MythBusters EV - charging with dirty energy
Conventional wisdom says it's as polluting as driving a fossil fuel powered vehicle, but is it true in reality?
"EVs are only as clean as the grid they are plugged in, from factory to use!"
In this day and age, with a couple of exceptions, most countries still produce the majority of their electricity with means of burning various fossil fuels. So it's natural to think that everything plugged in the socket has been contributing to the air pollution and the global warming. And the big debate that comes with the rapid EV expansion is gaining momentum, since your (future) car uses the same electricity for recharging. And while the grid loads are a rational concern for the future, the question of how much, charging an EV with dirty energy is a contributing factor to our polluted air is still at large.
So far, the automotive industry has relied to their usual lobby that electric vehicles are not much better than internal combustion vehicles with greenhouse gasses, when you take into account the resources used in producing the vehicle, the batteries and charging regularly with dirty energy from the plug. But to claim something like that, you need a scientific proof and so far no such reliable or peer-reviewed study has been presented by any car manufacturer to prove their claim. Yet a non-profit research group called International Council on Clean Transportation (ICCT) has been on the case for quite a while and has since posted a peer-reviewed report of their findings.
While the production of lithium for the batteries is famously damaging to the environment (more on that in a separate article), ICCT found out that it's not that heavy on greenhouse gasses as it was once proposed by some manufacturers. In a detail comparison between mid-sized EV and IC vehicles with a calculated lifetime of 18 years (the average lifetime of petrol or diesel powered cars), and calculating a number of battery replacements for the EV, the results came out overwhelmingly in favour of the electric car. And to be unbiased, the study included manufacturing and running from the US, India, China and Europe, which was necessary because while Europe get's an ever growing share from green energy sources, India uses predominantly coal in their production of electricity. So it's an apples to apples comparison without skipping on factors.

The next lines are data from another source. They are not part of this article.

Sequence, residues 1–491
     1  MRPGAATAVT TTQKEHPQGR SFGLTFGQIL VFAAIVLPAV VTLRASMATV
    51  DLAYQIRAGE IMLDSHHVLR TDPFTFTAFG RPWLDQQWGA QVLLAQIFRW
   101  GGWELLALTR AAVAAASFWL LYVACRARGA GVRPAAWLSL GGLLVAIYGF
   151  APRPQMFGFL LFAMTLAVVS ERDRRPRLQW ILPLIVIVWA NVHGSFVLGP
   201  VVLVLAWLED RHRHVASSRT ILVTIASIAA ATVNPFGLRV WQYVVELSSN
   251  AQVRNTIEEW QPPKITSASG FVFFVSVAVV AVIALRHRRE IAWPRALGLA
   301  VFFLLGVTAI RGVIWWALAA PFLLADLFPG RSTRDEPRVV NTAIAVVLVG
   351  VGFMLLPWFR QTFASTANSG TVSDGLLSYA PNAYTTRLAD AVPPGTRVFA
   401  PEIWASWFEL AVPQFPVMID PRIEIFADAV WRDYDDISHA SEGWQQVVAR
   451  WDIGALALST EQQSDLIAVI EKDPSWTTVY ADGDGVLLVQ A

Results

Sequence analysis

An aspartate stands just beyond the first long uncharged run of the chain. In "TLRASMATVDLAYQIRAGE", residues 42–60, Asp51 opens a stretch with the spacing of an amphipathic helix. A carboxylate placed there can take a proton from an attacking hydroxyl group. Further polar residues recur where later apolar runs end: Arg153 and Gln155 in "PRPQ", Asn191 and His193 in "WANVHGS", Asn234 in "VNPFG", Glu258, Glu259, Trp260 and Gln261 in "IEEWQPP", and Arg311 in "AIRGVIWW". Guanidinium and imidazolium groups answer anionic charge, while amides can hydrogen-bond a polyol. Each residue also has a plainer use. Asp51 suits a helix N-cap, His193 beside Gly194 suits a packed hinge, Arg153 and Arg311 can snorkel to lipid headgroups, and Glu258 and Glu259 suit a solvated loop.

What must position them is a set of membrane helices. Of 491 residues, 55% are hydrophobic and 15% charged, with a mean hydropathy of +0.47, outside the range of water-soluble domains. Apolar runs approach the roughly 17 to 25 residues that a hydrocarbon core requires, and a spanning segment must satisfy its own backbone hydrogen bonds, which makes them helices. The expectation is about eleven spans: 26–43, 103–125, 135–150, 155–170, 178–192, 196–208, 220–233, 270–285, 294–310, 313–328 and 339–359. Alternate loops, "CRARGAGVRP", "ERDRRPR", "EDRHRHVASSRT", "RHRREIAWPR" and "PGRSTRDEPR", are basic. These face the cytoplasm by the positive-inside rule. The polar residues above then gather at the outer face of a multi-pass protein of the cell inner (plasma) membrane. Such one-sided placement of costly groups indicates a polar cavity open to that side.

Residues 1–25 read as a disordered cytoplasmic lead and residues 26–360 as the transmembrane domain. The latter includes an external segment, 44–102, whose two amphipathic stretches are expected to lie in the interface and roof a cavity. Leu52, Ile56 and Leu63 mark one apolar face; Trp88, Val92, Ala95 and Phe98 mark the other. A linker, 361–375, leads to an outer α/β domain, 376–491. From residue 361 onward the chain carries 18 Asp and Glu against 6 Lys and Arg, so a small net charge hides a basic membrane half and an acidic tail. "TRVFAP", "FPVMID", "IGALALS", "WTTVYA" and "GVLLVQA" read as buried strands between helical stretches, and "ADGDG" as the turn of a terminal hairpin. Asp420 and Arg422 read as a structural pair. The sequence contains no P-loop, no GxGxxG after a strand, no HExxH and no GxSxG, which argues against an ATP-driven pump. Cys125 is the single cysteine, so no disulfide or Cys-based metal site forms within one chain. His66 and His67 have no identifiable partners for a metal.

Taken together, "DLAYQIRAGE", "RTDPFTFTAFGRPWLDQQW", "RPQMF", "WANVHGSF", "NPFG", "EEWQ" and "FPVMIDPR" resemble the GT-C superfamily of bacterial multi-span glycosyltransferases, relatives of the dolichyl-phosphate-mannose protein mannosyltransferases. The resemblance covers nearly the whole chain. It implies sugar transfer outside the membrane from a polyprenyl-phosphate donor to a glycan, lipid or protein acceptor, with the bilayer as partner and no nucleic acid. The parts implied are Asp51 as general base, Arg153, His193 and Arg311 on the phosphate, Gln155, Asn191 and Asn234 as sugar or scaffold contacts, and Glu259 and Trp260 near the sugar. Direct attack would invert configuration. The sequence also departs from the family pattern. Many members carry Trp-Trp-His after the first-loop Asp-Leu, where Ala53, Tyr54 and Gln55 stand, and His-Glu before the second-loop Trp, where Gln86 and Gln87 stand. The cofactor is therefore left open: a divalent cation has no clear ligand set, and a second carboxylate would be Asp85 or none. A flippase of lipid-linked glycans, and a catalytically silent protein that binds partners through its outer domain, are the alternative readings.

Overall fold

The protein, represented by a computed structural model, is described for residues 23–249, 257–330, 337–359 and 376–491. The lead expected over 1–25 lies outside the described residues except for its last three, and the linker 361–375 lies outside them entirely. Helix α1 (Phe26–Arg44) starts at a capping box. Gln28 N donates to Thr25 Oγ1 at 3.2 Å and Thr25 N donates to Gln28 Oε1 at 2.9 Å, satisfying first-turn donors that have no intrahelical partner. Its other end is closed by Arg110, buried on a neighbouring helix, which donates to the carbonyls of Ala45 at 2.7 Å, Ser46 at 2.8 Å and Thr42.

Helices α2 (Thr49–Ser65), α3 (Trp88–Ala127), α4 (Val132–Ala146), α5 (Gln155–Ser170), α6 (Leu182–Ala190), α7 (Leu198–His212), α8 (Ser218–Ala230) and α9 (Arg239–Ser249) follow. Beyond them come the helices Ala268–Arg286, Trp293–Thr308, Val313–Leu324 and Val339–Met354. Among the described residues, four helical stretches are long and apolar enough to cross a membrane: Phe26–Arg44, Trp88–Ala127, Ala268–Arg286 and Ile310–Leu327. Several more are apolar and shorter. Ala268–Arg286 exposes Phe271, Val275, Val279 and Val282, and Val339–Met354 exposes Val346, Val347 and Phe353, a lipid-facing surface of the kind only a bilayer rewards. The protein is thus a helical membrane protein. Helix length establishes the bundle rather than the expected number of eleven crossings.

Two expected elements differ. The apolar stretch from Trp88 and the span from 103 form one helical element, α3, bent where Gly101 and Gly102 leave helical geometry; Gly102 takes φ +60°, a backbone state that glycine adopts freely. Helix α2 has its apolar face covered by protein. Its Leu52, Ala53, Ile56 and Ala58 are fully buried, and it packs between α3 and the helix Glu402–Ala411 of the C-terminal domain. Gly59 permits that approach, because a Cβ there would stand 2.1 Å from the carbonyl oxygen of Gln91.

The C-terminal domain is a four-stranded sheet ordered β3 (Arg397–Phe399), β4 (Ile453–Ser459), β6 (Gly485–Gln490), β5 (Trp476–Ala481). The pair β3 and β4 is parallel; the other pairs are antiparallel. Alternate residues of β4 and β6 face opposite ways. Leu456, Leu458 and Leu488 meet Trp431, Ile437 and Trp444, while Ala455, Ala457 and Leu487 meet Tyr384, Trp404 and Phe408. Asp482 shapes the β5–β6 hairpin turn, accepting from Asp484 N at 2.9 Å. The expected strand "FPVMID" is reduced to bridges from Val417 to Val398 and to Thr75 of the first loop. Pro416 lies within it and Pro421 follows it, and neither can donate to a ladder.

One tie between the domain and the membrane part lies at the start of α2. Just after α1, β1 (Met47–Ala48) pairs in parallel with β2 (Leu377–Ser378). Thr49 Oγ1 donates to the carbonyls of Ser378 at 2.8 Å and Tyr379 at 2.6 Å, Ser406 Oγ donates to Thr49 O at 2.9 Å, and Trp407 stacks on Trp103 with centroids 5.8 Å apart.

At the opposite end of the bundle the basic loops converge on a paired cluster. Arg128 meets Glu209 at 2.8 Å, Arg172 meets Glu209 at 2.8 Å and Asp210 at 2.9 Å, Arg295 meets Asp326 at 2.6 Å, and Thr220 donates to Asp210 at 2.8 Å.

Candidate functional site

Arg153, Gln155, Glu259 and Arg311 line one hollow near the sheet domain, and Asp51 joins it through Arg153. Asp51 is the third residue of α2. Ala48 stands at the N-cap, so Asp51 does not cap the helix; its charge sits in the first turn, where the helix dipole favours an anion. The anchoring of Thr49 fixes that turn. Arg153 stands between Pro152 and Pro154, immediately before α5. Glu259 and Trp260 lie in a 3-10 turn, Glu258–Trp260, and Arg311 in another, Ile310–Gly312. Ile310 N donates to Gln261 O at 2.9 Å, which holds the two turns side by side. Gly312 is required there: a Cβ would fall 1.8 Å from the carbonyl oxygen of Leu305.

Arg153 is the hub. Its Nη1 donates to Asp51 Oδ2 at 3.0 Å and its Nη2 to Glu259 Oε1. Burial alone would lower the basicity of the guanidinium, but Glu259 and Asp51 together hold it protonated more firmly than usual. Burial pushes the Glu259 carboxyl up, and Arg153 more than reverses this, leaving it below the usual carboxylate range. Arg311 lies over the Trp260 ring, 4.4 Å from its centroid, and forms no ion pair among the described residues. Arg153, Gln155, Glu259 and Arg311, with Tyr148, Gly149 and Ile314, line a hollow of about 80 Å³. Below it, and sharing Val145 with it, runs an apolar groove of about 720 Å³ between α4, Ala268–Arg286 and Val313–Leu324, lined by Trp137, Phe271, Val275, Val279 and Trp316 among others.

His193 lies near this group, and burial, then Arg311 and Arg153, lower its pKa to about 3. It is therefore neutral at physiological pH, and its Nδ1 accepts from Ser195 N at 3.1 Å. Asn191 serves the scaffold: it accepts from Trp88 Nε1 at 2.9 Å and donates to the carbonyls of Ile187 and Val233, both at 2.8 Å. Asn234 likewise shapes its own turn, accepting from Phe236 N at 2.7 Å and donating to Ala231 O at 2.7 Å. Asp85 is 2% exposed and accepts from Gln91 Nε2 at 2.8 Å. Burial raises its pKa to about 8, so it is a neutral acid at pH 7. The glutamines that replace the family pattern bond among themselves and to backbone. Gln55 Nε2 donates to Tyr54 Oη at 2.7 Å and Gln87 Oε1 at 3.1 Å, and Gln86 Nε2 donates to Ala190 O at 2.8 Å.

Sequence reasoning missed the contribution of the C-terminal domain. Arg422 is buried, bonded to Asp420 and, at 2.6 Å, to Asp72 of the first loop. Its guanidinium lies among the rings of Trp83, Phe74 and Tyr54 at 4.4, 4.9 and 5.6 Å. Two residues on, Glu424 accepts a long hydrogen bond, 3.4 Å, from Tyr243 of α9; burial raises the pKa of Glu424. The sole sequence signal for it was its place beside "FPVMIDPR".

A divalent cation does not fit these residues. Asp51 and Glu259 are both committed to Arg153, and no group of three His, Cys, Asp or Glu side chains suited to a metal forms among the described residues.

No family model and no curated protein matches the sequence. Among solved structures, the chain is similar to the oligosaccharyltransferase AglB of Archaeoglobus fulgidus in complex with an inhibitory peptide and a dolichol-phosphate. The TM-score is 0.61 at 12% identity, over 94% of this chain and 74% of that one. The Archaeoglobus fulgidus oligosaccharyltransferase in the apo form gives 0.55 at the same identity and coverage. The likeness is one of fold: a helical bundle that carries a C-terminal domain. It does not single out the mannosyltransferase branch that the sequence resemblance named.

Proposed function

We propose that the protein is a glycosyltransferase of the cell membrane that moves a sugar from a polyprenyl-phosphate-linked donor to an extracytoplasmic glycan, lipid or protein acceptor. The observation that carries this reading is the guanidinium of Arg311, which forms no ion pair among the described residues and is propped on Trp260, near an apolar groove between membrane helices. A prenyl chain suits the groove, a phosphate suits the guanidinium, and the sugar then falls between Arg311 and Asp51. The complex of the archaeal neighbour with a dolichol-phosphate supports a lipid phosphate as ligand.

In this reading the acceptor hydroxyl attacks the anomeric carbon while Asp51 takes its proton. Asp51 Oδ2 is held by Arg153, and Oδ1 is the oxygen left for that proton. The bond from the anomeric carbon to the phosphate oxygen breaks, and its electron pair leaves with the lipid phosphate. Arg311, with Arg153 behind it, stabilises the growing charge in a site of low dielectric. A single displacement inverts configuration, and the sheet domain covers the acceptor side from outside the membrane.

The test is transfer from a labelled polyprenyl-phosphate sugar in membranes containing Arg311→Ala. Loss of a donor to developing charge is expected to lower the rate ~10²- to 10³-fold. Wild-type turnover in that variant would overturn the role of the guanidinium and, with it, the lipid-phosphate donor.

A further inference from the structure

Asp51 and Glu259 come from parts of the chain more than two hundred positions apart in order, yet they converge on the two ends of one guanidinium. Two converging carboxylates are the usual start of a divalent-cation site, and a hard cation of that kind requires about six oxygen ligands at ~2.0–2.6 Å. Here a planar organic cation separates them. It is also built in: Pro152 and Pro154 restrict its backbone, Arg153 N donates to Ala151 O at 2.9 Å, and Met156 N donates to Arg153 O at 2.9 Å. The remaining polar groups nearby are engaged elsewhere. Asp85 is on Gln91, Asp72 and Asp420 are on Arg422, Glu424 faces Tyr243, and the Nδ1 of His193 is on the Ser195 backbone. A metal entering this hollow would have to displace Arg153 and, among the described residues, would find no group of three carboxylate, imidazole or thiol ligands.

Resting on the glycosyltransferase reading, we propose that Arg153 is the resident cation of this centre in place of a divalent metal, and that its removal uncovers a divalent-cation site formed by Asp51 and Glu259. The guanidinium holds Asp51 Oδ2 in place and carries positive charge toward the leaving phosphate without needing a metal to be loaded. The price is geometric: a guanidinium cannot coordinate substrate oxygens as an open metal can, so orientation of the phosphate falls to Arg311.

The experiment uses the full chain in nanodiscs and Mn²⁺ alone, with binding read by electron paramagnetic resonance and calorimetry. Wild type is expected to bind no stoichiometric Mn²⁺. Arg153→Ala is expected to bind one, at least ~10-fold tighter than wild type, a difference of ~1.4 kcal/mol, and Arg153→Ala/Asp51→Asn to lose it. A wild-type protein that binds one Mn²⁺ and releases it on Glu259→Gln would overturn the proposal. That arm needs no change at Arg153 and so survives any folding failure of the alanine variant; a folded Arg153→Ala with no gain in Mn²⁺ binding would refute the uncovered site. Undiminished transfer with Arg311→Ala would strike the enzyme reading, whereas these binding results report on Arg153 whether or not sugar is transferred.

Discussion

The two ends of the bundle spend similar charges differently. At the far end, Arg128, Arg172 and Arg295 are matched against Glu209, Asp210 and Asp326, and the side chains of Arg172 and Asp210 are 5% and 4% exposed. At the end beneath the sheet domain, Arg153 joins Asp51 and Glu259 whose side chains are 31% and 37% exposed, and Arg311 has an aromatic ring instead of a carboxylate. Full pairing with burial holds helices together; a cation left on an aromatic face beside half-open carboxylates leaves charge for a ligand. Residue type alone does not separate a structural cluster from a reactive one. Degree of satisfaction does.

As it turns out, lifetime emissions for an EV in Europe are between 66 and 69 percent lower compared to that of a gas-guzzling vehicle. In the US, an EV produces between 60 to 68 percent fewer emissions. In China, which uses more coal, an EV results in between 37 to 45 percent fewer emissions. In India, it’s between 19 to 34 percent lower. The authors of the study ended up with a range of potential emissions reductions for each region by looking at the energy mix under existing policy, as well as projections from the International Energy Agency for what the future electricity mix will look like as climate policies develop. But we have to mention, it’s rather difficult to predict how much the world’s energy infrastructure will actually change. In an actual fact, building an EV is still more carbon-intensive, but battery recycling, even with the current (almost pathetic) infrastructures brings that overall footprint down.
Those findings deal a significant blow to car manufacturers, lobbying to get out of the mass electrification that has been forced on them by different governments around the world. Even where the coal is still the king, the study noted a meaningful reduction of greenhouse gasses and it's impossible to escape from that. So the myth that EVs are as clean as the grid they're plugged in is...